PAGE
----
Case: Apotex Inc. v. Abbott Laboratories, Limited 2013 ONCA 555

Drug: PREVACID® (lansoprazole)

Nature of case: Appeal of partial summary judgement dismissing Apotex’s claim for unjust enrichment in the Ontario Superiour Court

Successful party: Abbott Laboratories, Takeda Pharmaceuticals, Company and Takeda Pharmaceuticals America

Date of decision: September 12, 2013


On September 12, 2013, the Ontario Court of Appeal (“ONCA”) issued its decision in Apotex Inc. v. Abbott Laboratories, Limited 2013 ONCA 555 (“Abbott”).  The ONCA upheld the lower court decision granting partial summary judgment dismissing Apotex Inc.’s claim for unjust enrichment. In so doing, the ONCA has finally put to rest the irksome issue of whether a second person claiming damages pursuant to section 8 of the Patented Medicines (Notice of Compliance) Regulations (the “Regulations”) can claim the profits of the first person. This issue was clarified by Parliament in the 2006 amendments to the Regulations but was pursued by generics who continued to argue that, in contrast to the Federal Court, the Ontario Court had the jurisdiction to consider a common law cause of action for unjust enrichment.  With Supreme Court review of Abbott unlikely, this issue now appears to have been definitively settled.

The Decision under Appeal

Apotex appealed from the decision of Mr. Justice Quigley who granted the defendants partial summary judgment and dismissed Apotex’s claim for disgorgement of profits (Apotex Inc. v. Abbott Laboratories Ltd, 2013 ONSC 356).  Quigley J. considered whether he should follow the Federal Court of Appeal decision in Apotex v. Eli Lilly 2011 FCA 358 ("Eli Lilly") in which the Court held that section 8 is a "complete code" with the result that the Court's jurisdiction is limited to providing the remedy provided under section 8 of the Regulations which has been held not to include disgorgement of an innovator's profits. Quigley J. considered whether the Regulations provide a juristic reason for the enrichment pleaded by Apotex. He concluded that it could not and that, based on the authority of Eli Lilly, Apotex’s claim for unjust enrichment was untenable as a matter of law.

The Basis for the ONCA Decision

On appeal, Apotex argued that it was entitled to assert a claim for a disgorgement of profits on the basis that a settlement agreement between the defendants and Apotex could be determined to be unenforceable at trial on the basis of section 8 of the Regulations. The Court of Appeal rejected Apotex’s interpretation of the settlement agreement holding that the agreement contemplated no damages beyond those calculated under section 8.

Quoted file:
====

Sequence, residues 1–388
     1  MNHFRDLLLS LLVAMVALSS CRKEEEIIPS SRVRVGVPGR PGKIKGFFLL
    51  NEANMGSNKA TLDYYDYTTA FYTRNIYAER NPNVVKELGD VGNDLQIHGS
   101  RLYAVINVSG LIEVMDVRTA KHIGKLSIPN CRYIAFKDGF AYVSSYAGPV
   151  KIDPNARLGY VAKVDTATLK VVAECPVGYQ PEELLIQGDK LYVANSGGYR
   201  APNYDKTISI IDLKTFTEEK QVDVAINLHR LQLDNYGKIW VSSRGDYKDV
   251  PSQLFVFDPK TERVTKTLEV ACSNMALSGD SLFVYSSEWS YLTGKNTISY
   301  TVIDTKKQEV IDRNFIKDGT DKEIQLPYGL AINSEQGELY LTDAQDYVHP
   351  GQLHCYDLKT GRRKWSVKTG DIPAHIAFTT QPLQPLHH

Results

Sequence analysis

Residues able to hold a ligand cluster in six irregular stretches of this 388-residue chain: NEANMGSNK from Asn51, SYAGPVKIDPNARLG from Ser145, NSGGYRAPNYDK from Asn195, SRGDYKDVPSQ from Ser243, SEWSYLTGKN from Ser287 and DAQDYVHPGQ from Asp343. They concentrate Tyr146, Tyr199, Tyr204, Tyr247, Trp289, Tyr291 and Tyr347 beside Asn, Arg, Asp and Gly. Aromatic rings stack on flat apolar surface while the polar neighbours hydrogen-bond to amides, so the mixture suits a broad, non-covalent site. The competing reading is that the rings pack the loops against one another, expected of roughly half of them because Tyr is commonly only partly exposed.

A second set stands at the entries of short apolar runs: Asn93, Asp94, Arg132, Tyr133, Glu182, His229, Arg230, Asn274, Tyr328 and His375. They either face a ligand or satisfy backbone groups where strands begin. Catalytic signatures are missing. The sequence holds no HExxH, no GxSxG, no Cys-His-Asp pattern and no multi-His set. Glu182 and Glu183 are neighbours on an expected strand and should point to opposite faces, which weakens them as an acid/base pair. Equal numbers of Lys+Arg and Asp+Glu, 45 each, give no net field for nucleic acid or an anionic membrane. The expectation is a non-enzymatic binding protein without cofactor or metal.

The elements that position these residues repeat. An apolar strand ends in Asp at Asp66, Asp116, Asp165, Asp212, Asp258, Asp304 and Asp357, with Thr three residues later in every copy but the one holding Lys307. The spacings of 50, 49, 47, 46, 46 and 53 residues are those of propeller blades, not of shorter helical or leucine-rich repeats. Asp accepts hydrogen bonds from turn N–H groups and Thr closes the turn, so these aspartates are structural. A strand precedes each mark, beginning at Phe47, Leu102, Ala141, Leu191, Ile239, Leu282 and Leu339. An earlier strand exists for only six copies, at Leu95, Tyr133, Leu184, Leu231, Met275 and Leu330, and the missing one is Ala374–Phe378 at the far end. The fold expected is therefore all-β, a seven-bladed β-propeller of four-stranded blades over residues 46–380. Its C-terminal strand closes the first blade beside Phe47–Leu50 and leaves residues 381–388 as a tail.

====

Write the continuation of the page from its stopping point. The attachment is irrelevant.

Importantly, however, the Court of Appeal held that if the settlement agreement was held to be unenforceable, the damage suffered by Apotex could not extend beyond those calculated under section 8 and could not include a disgorgement of profits. The Court of Appeal rejected Apotex’s argument that it was entitled to pursue an unjust enrichment claim despite the existence of the Regulations. The Court of Appeal expressly held that the profits earned by the defendants as “first persons” are due to the regulatory scheme of the Regulations which constitute a “valid juristic reason” for the first person’s profits and revenues for the period. As Apotex could not make out a constituent element of the cause of action, there was no genuine issue for trial on its claim.

The Issue of Profits Appears to be Definitively Settled

Since the Supreme Court denied leave to appeal from the Eli Lilly decision, Supreme Court review of the Abbott decision is unlikely. This appears to have the effect of definitively settling the law regarding section 8 claims for a first person’s profits: no cause of action for unjust enrichment lies with a second person in an action under, or in conjunction with, section 8 of the Regulations whether the action is brought in a provincial Superior Court or the Federal Court.

More to come…

The Court of Appeal has another opportunity to weigh-in on the scope of section 8 relief on an appeal of the decision in Apotex Inc. v. Eli Lilly Canada  2012 ONSC 3808. That decision involved a motion to strike a similar cause of action for unjust enrichment. Mr. Justice Macdonald dismissed the motion on the basis that it was not plain and obvious that Apotex’s claim would fail.  Leave to appeal that decision to the ONCA was granted by the Divisional Court of Ontario (2013 ONSC 1135) who considered that there were not only conflicting decisions on the issue (in light of Quigley J.’s decision in Abbott) but also reason to doubt the correctness of the decision.

Link to decision:

Apotex Inc. v. Abbott Laboratories, Limited, 2013 ONCA 555